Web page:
These are decisive hours for relations between the USA and China, which see the former involved in the difficult choice of whether or not to ban the TikTok app and on which hangs the strong probability of seeing the ties between the two nations worsen.

In a bipartisan vote, which we need to understand how it will be followed by that of the Senate, today the United States House will decide on whether to carry forward the law that wants to force ByteDance

to sell its network to Western capital very popular

social network

all over the world.

According to what was communicated by the White House, Joe Biden will sign the "Protecting Americans from Foreign Adversary Controlled Applications Act", turning it into law if it reaches his desk.

The bill specifically asks the holding company that owns TikTok to

sell the app within 180 days

under penalty of seeing it banned from the Apple and Google app stores in the United States with the possibility that it would then open the way to

presidential intervention

in the case where other apps fall under the control of a country considered an adversary of the United States. 

“This latest legislation, passed at unprecedented speed

without even the benefit of a public hearing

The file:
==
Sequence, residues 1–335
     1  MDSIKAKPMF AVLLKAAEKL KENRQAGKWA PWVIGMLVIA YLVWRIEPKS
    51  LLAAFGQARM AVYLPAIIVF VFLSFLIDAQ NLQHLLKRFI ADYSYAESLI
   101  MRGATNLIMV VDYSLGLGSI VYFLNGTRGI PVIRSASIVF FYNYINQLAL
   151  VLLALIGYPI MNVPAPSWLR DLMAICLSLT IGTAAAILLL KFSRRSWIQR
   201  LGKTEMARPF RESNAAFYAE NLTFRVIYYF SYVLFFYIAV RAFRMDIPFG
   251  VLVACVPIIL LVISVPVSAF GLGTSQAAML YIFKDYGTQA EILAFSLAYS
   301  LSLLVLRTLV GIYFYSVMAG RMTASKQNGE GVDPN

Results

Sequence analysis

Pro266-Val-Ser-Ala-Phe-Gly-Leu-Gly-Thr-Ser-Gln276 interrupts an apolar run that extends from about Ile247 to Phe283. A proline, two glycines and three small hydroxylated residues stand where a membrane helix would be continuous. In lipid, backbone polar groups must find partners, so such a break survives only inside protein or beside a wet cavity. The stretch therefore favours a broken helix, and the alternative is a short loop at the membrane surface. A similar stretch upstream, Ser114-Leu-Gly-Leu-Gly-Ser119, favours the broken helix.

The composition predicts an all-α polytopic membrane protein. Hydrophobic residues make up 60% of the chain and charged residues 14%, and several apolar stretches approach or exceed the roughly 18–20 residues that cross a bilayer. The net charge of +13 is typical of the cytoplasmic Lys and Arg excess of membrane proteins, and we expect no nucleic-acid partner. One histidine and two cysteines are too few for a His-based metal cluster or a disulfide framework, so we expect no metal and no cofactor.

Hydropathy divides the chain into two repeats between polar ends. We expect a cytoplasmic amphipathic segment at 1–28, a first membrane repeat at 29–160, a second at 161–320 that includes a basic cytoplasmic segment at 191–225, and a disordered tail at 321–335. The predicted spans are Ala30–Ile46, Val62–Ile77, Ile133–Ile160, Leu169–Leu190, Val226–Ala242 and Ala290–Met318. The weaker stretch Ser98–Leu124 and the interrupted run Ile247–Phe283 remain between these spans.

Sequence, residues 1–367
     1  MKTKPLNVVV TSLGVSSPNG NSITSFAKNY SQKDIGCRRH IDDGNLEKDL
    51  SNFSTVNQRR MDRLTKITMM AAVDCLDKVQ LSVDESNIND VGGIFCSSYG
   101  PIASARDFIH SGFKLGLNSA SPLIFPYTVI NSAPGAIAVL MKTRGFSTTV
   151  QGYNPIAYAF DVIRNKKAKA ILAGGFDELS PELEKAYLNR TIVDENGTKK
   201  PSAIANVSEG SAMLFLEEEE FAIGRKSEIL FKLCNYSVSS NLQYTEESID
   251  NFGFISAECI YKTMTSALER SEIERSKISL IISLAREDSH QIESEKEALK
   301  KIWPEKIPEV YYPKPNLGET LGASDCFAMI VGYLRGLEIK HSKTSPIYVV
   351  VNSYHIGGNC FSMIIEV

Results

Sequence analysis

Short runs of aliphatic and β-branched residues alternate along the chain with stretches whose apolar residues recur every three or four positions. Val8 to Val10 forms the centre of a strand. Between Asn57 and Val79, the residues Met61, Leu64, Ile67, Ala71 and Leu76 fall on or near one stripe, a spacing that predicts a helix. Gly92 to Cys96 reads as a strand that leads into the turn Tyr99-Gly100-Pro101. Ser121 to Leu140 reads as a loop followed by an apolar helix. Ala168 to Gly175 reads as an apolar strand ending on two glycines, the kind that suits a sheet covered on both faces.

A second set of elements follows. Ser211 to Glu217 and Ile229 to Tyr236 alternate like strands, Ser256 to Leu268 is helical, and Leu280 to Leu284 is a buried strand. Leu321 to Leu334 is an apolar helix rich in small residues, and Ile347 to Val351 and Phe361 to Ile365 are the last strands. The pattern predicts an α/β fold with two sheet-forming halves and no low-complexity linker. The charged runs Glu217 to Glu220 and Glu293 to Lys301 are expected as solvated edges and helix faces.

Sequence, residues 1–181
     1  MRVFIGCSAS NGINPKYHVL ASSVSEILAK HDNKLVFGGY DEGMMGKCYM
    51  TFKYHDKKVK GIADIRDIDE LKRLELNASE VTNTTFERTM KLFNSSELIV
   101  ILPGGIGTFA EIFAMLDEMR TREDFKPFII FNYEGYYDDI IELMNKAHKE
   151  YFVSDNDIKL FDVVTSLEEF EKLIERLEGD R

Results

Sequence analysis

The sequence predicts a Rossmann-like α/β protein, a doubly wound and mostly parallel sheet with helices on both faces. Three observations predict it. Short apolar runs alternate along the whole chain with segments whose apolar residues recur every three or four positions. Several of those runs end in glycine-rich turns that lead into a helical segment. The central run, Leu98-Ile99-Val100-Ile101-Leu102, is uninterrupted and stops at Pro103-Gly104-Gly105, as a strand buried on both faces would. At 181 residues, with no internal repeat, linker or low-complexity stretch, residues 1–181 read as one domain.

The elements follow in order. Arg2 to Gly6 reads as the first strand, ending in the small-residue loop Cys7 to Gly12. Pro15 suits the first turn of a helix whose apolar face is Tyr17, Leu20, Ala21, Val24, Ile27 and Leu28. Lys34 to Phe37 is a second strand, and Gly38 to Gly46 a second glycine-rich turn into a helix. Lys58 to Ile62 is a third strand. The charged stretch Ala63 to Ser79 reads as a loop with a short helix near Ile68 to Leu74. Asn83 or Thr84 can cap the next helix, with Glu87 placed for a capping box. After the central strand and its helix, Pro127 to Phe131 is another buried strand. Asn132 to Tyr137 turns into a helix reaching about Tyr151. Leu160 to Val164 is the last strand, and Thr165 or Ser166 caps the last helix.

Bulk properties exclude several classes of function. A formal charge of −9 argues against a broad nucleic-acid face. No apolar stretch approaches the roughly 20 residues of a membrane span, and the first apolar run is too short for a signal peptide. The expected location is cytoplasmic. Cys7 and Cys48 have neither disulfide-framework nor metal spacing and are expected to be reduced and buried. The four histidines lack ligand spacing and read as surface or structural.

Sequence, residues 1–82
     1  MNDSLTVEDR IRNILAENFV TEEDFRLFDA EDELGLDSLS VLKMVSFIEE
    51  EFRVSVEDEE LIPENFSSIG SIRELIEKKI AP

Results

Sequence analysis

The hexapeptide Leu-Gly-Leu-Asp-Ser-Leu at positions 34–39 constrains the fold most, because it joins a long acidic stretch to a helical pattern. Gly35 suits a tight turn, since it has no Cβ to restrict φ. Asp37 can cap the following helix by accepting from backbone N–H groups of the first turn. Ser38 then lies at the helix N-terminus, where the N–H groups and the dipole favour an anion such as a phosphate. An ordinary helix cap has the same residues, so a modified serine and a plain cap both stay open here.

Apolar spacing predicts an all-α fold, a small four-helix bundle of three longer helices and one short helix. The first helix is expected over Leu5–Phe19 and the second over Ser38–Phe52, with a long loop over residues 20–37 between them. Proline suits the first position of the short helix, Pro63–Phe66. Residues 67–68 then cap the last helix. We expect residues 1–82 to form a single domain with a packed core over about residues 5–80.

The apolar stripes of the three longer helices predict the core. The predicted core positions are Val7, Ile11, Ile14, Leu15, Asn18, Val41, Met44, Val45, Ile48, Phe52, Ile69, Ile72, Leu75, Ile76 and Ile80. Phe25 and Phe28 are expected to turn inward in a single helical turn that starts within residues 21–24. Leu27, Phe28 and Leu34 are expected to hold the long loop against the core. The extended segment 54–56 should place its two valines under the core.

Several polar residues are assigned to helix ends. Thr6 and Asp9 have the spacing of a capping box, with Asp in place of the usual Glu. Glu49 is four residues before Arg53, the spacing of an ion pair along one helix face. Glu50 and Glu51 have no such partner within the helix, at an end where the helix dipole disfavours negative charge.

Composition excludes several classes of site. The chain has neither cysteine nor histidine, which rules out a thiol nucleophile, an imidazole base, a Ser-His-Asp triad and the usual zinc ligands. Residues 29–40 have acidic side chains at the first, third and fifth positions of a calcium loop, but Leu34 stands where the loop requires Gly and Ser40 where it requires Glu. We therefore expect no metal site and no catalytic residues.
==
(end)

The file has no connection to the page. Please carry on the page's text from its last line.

, poses serious constitutional concerns,” Michael Beckerman, TikTok's vice president of public policy, wrote in a letter to the bill's co-sponsors of law seen by AFP. 

“Although it has never found evidence that TikTok threatens American national security, it has never stopped repressing the social network,” was the response of Chinese Foreign Ministry spokesperson Wang Wenbin. 

Co-sponsors, House Republican Mike Gallagher and House Democrat Raja Krishnamoorthi, as well as the White House, argue that the bill does not constitute a Tik Tok ban, as long as the company divests from ByteDance. 

Donald Trump, however, has said he is against a ban, especially because it would strengthen Meta,

the owner of Instagram and Facebook, which he has called an "enemy of the people."

As president, Trump attempted to wrest control of Tiktok from ByteDance, but was blocked by US courts.

Now that a major investor in TikTok, hedge funder Jeff Yass, donates funds to his campaign, Trump changes his tone.    

In turn, TikTok firmly denies any ties to the Chinese government.

TikTok CEO Shou Zi Chew is currently in Washington, trying to rally support to stop the bill.